That advocacy parallels my growing interest in living simply--or following the principles of minimalism, as Becker and some other folks call it. Voluntary simplicity has become more appealing to me as I've approached and entered my semi-retirement years. I just don't want or need so much stuff--be it things in my house or things in my mind. But I'm still learning these principles.
These quotations substantiate that living simply isn't just a modern trend. Most, obviously, apply to how we live and think, but some also can apply to how we communicate. We can unclutter things we write as we unclutter our homes and offices.
Becker introduces the list:
Voluntary simplicity (and/or minimalism) is certainly not new. In fact, it has been practiced and encouraged for thousands of years… literally. Just consider the following men and women who have advocated for a lifestyle of minimalism. (To place emphasis on the history of the movement, they have been arranged chronologically by author’s birth year).The most recent quotation is by author Sandra Cisneros, born in 1954:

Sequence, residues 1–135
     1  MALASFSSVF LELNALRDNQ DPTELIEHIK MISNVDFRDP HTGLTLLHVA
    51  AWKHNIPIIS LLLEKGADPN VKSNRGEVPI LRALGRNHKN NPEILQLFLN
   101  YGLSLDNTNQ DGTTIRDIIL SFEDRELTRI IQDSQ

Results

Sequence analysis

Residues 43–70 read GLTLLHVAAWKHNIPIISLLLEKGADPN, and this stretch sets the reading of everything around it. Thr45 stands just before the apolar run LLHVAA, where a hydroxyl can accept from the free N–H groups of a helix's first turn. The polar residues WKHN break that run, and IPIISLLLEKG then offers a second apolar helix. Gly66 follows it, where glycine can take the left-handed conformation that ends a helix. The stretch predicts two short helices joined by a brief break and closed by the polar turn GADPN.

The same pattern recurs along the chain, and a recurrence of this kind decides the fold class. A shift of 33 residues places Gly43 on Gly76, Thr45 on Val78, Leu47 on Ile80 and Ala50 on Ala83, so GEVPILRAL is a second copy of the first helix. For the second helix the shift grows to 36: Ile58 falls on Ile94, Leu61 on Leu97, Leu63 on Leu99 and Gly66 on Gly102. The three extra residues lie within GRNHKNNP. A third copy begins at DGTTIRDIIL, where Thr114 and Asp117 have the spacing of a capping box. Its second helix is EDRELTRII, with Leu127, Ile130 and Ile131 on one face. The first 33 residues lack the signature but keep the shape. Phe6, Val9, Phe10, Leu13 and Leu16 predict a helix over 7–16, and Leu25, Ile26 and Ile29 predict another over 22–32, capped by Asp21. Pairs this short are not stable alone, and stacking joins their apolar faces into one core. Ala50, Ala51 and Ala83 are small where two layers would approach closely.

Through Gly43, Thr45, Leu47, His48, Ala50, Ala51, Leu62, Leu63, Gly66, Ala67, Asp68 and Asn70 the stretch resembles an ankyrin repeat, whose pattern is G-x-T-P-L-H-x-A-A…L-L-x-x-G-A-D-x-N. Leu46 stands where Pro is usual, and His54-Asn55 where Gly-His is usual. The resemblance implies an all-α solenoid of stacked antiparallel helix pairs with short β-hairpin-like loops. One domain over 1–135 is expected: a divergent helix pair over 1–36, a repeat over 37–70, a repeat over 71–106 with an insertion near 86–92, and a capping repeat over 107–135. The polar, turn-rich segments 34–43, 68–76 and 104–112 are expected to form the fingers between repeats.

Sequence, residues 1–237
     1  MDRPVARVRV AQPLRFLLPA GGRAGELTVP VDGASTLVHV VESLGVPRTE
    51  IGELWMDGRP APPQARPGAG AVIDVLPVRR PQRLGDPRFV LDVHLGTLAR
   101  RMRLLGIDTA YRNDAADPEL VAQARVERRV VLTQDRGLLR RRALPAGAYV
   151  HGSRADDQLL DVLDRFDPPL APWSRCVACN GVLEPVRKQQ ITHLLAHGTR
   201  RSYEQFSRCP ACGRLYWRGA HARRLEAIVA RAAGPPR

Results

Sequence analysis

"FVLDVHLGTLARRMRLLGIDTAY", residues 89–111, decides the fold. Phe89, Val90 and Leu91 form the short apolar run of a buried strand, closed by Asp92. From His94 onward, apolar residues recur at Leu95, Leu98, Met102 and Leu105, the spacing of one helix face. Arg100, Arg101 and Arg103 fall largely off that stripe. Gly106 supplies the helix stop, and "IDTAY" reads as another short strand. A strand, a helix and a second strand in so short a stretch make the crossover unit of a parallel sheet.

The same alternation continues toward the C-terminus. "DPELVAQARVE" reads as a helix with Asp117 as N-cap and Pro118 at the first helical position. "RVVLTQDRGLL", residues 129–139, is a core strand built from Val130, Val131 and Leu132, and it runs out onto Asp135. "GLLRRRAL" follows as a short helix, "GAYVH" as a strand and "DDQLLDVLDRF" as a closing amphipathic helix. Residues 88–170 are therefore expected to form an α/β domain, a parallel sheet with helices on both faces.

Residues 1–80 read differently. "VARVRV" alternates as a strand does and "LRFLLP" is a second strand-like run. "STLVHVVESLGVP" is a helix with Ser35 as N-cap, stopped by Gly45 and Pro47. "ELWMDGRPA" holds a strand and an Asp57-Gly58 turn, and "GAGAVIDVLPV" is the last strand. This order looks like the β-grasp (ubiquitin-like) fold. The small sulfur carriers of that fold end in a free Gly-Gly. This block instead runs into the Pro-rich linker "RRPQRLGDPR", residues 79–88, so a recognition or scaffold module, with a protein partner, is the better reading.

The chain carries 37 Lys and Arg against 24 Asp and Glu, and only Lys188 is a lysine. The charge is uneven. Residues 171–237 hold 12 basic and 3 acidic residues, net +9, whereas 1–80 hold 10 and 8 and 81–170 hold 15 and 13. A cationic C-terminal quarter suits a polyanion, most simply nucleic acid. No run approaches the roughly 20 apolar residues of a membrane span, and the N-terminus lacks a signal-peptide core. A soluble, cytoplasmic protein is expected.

But I deal with this by meditating and by understanding I've been put on the planet to serve humanity. I have to remind myself to live simply and not overindulge, which is a constant battle in a material world.The oldest is by Buddha, 563 BCE:
To live a pure unselfish life, one must count nothing as one’s own in the midst of abundance.Here's a somewhat similar list of mine, mostly about writing and communication: Words of Wisdom in Garbl's Concise Writing Guide. Its introductory quotation, by Richard Lederer and Richards Dowis from Sleeping Dogs Don't Lay:
Contrary to what some people seem to believe, simple writing is not the product of simple minds. A simple, unpretentious style has both grace and power. By not calling attention to itself, it allows the reader to focus on the message.Becker's article is featured today, Feb. 5, in my daily online paper, Garbl's Simple Dreams, available at the Simplicity tab above and by free email subscription.